Resurrection in Three Dimensions
May 4 – Resurrection When: Historical Evidence
May 11 – Resurrection Then: Theological Explanations
May 18 – Resurrection Now: Practical Expressions
Session 2: Resurrection Then: Theological Explanations.
“Resurrection is not a symbol or merely a historical event, but is the new creation.” ~Steven Paulson, Luther Seminary
“When Jesus rose from the dead on Easter morning, he rose as the beginning of the new world that Israel’s God had always intended to make.”
~N.T. Wright, Simply Jesus
“[Jesus] was handed over to death for our trespasses and was raised for our justification.” ~ Romans 4:25
Initial Questions and Statements about Resurrection
How would you finish this sentence? “Because Jesus is risen…”
What does it mean that Christ was raised from the dead? What effects does this have for us, for our world?
Our route for today: two temptations; the relationship between the cross and the resurrection; how does the resurrection reach me?; where does the resurrection send me?
(At least) Two Temptations when Considering the Meaning of the Resurrection.
I. The first temptation is to consider the cross as the downer; the resurrection as the upper.
In this temptation, the resurrection is our source/guarantee of glory and power in this world. This understanding can be seen in many forms in the church. (Please keep in mind that each of these forms containsome important truth, otherwise they would simply fall on deaf ears)
1. Prosperity Gospel. Joel Osteen, for example, has no room for the cross or the forgiveness of sins. God wants you to have “your best life now” and “maximize your potential.” The resurrection is our model for becoming more than who we are today.
2. Pentecostal spirituality. The presence of the risen Christ in your life (and in your congregation) is proven by charismatic – “signs and wonders” – spiritual experiences, initially through a “second baptism” in the Spirit, evidenced by speaking in tongues (or at least proven by people who actually seem excited to be there worshipping). Why would the risen Christ not give you such power?
3. Church growth/success. A particular temptation of mainline denominations (and specific congregations, like Bethesda) is to define the effects of the resurrection in terms of the church’s power to grow numerically and in power/influence. That is, 1) Jesus rose, 2) the gospel spread, and 3) if we are not ourselves growing bigger and spreading our influence, something is wrong either with us or with the power of the risen Christ himself!
4. End-times speculation about the risen Christ coming back to conquer through violence and achieve the “true victory” over sin, death, and the devil. This assumes the victory of the cross was limited in effect, forcing the risen Christ to make like Arnold Schwarzenegger’s Terminator and promise, “I’ll be back.” And you know what will happen when he comes back.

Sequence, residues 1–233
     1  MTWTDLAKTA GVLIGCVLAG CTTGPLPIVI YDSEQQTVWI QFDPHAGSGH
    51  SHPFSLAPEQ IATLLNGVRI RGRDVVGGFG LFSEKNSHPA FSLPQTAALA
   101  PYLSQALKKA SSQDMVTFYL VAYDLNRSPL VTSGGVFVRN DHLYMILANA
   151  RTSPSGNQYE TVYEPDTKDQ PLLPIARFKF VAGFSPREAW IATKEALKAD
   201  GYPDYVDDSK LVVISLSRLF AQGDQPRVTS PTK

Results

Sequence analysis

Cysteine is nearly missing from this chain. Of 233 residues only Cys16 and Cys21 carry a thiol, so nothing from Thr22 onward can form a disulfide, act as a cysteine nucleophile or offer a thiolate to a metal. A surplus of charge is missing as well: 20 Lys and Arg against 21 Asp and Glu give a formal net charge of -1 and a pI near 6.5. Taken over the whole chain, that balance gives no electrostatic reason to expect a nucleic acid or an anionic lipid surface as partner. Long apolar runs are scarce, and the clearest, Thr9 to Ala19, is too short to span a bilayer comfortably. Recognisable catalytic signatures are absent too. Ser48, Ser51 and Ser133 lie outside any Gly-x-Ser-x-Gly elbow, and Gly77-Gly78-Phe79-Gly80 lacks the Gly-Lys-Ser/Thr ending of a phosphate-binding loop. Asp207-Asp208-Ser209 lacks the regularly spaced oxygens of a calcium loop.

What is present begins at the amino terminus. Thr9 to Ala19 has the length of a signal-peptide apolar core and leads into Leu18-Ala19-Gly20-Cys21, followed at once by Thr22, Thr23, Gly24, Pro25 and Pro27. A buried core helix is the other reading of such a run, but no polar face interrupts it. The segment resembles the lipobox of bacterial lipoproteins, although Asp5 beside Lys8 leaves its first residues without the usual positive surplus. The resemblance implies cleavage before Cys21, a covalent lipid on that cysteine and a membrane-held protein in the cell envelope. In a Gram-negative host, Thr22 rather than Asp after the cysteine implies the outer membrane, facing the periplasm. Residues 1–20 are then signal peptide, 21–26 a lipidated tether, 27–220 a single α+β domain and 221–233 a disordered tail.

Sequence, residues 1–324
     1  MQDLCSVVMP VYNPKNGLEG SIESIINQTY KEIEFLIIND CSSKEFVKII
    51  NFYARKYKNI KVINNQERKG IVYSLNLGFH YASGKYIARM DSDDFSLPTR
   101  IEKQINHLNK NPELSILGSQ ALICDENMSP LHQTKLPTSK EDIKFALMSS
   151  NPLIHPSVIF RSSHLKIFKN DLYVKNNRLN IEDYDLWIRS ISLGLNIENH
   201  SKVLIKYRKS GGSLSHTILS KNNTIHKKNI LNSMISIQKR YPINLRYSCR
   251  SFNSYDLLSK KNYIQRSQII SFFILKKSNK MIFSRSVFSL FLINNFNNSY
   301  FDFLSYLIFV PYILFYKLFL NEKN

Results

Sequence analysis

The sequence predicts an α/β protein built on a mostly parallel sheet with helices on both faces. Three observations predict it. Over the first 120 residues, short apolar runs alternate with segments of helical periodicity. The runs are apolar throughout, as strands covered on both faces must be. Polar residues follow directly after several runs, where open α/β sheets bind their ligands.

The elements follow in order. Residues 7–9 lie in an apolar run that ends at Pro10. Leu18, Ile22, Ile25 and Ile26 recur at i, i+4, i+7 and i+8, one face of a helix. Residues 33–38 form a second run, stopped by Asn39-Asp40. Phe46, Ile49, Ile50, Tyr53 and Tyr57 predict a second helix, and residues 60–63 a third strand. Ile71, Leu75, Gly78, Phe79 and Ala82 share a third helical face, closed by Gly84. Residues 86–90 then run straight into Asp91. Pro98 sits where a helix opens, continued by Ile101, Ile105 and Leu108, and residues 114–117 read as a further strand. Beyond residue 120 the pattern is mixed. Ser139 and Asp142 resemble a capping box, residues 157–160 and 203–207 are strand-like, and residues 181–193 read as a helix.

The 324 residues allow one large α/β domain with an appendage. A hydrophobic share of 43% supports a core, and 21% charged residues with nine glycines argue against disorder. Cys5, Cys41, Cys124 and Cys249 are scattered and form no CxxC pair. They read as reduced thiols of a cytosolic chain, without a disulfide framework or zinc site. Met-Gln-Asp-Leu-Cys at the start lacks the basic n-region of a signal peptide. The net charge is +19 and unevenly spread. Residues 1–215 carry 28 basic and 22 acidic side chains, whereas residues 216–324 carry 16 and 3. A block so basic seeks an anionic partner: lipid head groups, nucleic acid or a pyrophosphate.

Instead of these and other forms of the temptation to consider the resurrection as the “upper” that gives us power, Paul’s boast (or his “upper”) is cross-centered. He nears his conclusion to Galatians with this amazing statement,
“14 May I never boast of anything except the cross of our Lord Jesus Christ, by which the world has been crucified to me, and I to the world. 15 For neither circumcision nor uncircumcision is anything; but a new creation is everything!”
Paul considers himself dead to the world, and the world dead to him. But this should not be taken as a lack of concern for the world. (Simply observe his great missionary efforts and sacrifices).
In other words, the cross and resurrection of Christ does not give you a “lever” to pull in the old world which is passing away. The cross and resurrection of Christ creates and announces that there is a new creation altogether. It is hidden, but held by faith. It will be revealed at the last day, which is also the first day.
As Paul says elsewhere in Colossians 3:3,
“Your life is hidden with Christ in God. When Christ who is your life is revealed, then you also will be revealed with him in glory.”
To be hidden in Christ is not to be hidden in power and glory, but in you being crucified. More on this to come…
II. The second temptation, which we might fall into when trying to avoid the first temptation, is to say something like, “Well, it’s ok not to have power in this world, because we’ll be off to heaven soon! We will be passing away. I’ll fly away oh glory, I’ll fly away in the morning. When I die, hallelujah by and by, I’ll fly away.”
The biblical promise is much different: in Jesus, and now through his church, the life of heaven has been born on this earth.
The resurrection is the beginning of God’s new world, the beginning of the kingdom. God is now in charge, on earth as in heaven, as Jesus taught us to pray.
“The stories of the risen Jesus have a different quality altogether. They seem to be about a person who is equally at home ‘on earth’ and ‘in heaven.’” NT Wright, Simply Jesus, 192.
In the risen Jesus, heaven and earth hold together. The message of the resurrection is not that Jesus is a bridge to get dead people to heaven. The message of the resurrection is that Jesus is the first fruits of the new creation of heaven-earth.
What, then, is the relationship between the cross of Christ and the exaltation of Christ in the resurrection, ascension, righthand of the Father authority, and coming again to judge?